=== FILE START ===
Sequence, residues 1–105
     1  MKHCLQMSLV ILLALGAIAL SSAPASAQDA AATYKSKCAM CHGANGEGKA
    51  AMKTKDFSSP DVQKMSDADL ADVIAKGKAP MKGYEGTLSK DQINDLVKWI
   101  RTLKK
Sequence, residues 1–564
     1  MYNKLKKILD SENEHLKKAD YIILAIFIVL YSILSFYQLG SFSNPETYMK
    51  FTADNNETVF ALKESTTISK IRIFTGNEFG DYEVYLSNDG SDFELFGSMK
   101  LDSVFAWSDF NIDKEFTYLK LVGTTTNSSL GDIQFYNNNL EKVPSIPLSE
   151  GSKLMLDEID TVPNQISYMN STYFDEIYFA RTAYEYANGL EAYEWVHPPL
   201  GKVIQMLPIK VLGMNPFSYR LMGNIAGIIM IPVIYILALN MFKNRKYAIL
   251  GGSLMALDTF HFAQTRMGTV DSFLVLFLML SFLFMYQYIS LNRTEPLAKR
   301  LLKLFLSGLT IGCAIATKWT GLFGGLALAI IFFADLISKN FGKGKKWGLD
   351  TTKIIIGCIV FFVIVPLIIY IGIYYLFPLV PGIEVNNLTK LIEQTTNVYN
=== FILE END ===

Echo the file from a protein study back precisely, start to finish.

Sequence, residues 1–105
     1  MKHCLQMSLV ILLALGAIAL SSAPASAQDA AATYKSKCAM CHGANGEGKA
    51  AMKTKDFSSP DVQKMSDADL ADVIAKGKAP MKGYEGTLSK DQINDLVKWI
   101  RTLKK
Sequence, residues 1–564
     1  MYNKLKKILD SENEHLKKAD YIILAIFIVL YSILSFYQLG SFSNPETYMK
    51  FTADNNETVF ALKESTTISK IRIFTGNEFG DYEVYLSNDG SDFELFGSMK
   101  LDSVFAWSDF NIDKEFTYLK LVGTTTNSSL GDIQFYNNNL EKVPSIPLSE
   151  GSKLMLDEID TVPNQISYMN STYFDEIYFA RTAYEYANGL EAYEWVHPPL
   201  GKVIQMLPIK VLGMNPFSYR LMGNIAGIIM IPVIYILALN MFKNRKYAIL
   251  GGSLMALDTF HFAQTRMGTV DSFLVLFLML SFLFMYQYIS LNRTEPLAKR
   301  LLKLFLSGLT IGCAIATKWT GLFGGLALAI IFFADLISKN FGKGKKWGLD
   351  TTKIIIGCIV FFVIVPLIIY IGIYYLFPLV PGIEVNNLTK LIEQTTNVYN